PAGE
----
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Linking time-varying symptomatology and intensity of infectiousness to patterns of norovirus transmission.

Zelner JL, Lopman BA, Hall AJ, Ballesteros S, Grenfell BT - PLoS ONE (2013)

Bottom Line: Model 2 assumes infectiousness decays exponentially as a function of time since onset, while Model 3 is discontinuous, with a spike concentrating 50% of transmissibility at onset.We also show that these results are robust to the presence of asymptomatic infections.Explicitly representing explosive NoV infectiousness at onset should be considered when developing models and interventions to interrupt and prevent outbreaks of norovirus in the community.

View Article: PubMed Central - PubMed

Affiliation: Department of Ecology and Evolutionary Biology, Princeton University, Princeton, New Jersey, United States of America. jzelner@princeton.edu

ABSTRACT

Background: Norovirus (NoV) transmission may be impacted by changes in symptom intensity. Sudden onset of vomiting, which may cause an initial period of hyper-infectiousness, often marks the beginning of symptoms. This is often followed by: a 1-3 day period of milder symptoms, environmental contamination following vomiting, and post-symptomatic shedding that may result in transmission at progressively lower rates. Existing models have not included time-varying infectiousness, though representing these features could add utility to models of NoV transmission.

Methods: We address this by comparing the fit of three models (Models 1-3) of NoV infection to household transmission data from a 2009 point-source outbreak of GII.12 norovirus in North Carolina. Model 1 is an SEIR compartmental model, modified to allow Gamma-distributed sojourn times in the latent and infectious classes, where symptomatic cases are uniformly infectious over time. Model 2 assumes infectiousness decays exponentially as a function of time since onset, while Model 3 is discontinuous, with a spike concentrating 50% of transmissibility at onset. We use Bayesian data augmentation techniques to estimate transmission parameters for each model, and compare their goodness of fit using qualitative and quantitative model comparison. We also assess the robustness of our findings to asymptomatic infections.

Results: We find that Model 3 (initial spike in shedding) best explains the household transmission data, using both quantitative and qualitative model comparisons. We also show that these results are robust to the presence of asymptomatic infections.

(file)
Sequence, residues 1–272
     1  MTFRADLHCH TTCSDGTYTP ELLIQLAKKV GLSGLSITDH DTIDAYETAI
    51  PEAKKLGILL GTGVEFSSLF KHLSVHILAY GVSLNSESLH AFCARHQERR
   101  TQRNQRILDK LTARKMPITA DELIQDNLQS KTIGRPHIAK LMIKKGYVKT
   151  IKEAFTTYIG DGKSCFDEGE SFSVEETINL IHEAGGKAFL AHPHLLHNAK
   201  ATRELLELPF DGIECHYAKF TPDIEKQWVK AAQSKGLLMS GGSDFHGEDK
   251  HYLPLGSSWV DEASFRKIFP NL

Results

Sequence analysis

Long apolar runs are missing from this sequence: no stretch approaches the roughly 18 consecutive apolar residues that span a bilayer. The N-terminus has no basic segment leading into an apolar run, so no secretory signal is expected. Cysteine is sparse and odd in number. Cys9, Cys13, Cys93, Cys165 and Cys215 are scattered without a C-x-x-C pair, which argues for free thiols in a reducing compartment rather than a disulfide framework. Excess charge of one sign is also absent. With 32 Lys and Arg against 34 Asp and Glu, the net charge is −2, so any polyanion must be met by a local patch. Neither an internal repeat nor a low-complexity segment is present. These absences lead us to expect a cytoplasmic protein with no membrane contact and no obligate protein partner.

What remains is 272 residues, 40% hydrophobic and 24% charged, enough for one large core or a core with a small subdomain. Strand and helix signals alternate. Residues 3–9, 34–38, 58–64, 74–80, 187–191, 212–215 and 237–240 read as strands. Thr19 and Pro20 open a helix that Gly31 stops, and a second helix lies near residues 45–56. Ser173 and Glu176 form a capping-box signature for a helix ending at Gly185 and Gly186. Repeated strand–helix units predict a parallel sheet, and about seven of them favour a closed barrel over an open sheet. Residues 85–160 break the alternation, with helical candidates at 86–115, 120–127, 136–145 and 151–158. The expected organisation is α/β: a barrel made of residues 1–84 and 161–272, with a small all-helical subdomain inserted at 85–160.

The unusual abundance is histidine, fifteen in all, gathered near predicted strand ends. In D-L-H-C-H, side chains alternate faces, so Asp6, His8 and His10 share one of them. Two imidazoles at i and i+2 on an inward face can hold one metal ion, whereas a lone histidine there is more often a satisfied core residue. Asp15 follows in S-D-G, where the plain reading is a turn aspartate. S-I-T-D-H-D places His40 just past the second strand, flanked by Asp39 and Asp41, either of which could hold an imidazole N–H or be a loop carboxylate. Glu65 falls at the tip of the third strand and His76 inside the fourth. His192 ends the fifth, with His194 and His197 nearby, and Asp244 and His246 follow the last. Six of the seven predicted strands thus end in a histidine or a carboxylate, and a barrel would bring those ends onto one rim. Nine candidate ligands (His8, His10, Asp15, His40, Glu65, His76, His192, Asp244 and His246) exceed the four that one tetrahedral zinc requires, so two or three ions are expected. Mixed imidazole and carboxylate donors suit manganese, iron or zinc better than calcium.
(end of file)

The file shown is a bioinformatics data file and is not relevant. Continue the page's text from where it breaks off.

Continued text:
Conclusions: Explicitly representing explosive NoV infectiousness at onset should be considered when developing models and interventions to interrupt and prevent outbreaks of norovirus in the community. The methods presented here are generally applicable to the transmission of pathogens that exhibit large variation in transmissibility over an infection.

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Fitted infectivity profiles for Models 2 & 3.The figure shows infectiousness as a function of time since symptom onset for the estimated values of the exponential decay model (Model 2; solid line) and burst model (Model 3; dashed line).
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pone-0068413-g003: Fitted infectivity profiles for Models 2 & 3.The figure shows infectiousness as a function of time since symptom onset for the estimated values of the exponential decay model (Model 2; solid line) and burst model (Model 3; dashed line).

Mentions: Across all three models, estimates of the probability of infection at the point source are similar, with a 55% probability of infection for non-index cases exposed to the point source ( =  0.55, 95% CI  = 0.38, 0.71. Estimates of a secondary attack rate of approximately 15% are also consistent across models. To test the validity of the assumption in Model 3 that  =  0.5, i.e. that 50% of infectiousness occurs during the burst at onset and 50% occurs afterwards, we re-fit Model 3 while allowing to vary. We found that the estimated value was close to the assumed value ( =  0.46, 95% CI: 0.19, 0.75), while other parameter estimates listed in Table 2 were unchanged. Sensitivity analysis using Bayes factors was also performed in which the duration of the burst at onset was varied from 12 to 24 hours, and both burst durations were supported equally by the data with no impact on estimated parameter values. Figure 3 illustrates the fitted infectivity profiles for Models 2 and 3.